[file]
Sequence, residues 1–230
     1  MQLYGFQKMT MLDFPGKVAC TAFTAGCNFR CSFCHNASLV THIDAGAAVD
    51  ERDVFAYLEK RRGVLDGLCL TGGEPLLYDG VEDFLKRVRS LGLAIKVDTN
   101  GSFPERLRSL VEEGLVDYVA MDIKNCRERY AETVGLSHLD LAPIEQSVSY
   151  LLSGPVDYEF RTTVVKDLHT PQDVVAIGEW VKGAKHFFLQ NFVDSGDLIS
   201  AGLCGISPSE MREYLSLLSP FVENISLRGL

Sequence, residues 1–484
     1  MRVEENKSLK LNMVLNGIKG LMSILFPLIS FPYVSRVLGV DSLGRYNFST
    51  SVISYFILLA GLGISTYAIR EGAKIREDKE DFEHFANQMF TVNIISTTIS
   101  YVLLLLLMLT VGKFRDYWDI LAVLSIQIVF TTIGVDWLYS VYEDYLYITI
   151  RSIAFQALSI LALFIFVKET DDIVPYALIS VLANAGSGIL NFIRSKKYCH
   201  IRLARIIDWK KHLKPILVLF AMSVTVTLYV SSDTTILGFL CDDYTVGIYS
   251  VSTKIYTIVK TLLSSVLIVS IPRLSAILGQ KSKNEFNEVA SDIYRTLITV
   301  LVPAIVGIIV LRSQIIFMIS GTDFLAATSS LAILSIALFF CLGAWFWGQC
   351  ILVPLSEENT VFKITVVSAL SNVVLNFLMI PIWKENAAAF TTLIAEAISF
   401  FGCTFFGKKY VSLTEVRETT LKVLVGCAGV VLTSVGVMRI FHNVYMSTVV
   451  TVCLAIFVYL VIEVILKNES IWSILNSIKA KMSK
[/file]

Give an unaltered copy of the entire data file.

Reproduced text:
Sequence, residues 1–230
     1  MQLYGFQKMT MLDFPGKVAC TAFTAGCNFR CSFCHNASLV THIDAGAAVD
    51  ERDVFAYLEK RRGVLDGLCL TGGEPLLYDG VEDFLKRVRS LGLAIKVDTN
   101  GSFPERLRSL VEEGLVDYVA MDIKNCRERY AETVGLSHLD LAPIEQSVSY
   151  LLSGPVDYEF RTTVVKDLHT PQDVVAIGEW VKGAKHFFLQ NFVDSGDLIS
   201  AGLCGISPSE MREYLSLLSP FVENISLRGL

Sequence, residues 1–484
     1  MRVEENKSLK LNMVLNGIKG LMSILFPLIS FPYVSRVLGV DSLGRYNFST
    51  SVISYFILLA GLGISTYAIR EGAKIREDKE DFEHFANQMF TVNIISTTIS
   101  YVLLLLLMLT VGKFRDYWDI LAVLSIQIVF TTIGVDWLYS VYEDYLYITI
   151  RSIAFQALSI LALFIFVKET DDIVPYALIS VLANAGSGIL NFIRSKKYCH
   201  IRLARIIDWK KHLKPILVLF AMSVTVTLYV SSDTTILGFL CDDYTVGIYS
   251  VSTKIYTIVK TLLSSVLIVS IPRLSAILGQ KSKNEFNEVA SDIYRTLITV
   301  LVPAIVGIIV LRSQIIFMIS GTDFLAATSS LAILSIALFF CLGAWFWGQC
   351  ILVPLSEENT VFKITVVSAL SNVVLNFLMI PIWKENAAAF TTLIAEAISF
   401  FGCTFFGKKY VSLTEVRETT LKVLVGCAGV VLTSVGVMRI FHNVYMSTVV
   451  TVCLAIFVYL VIEVILKNES IWSILNSIKA KMSK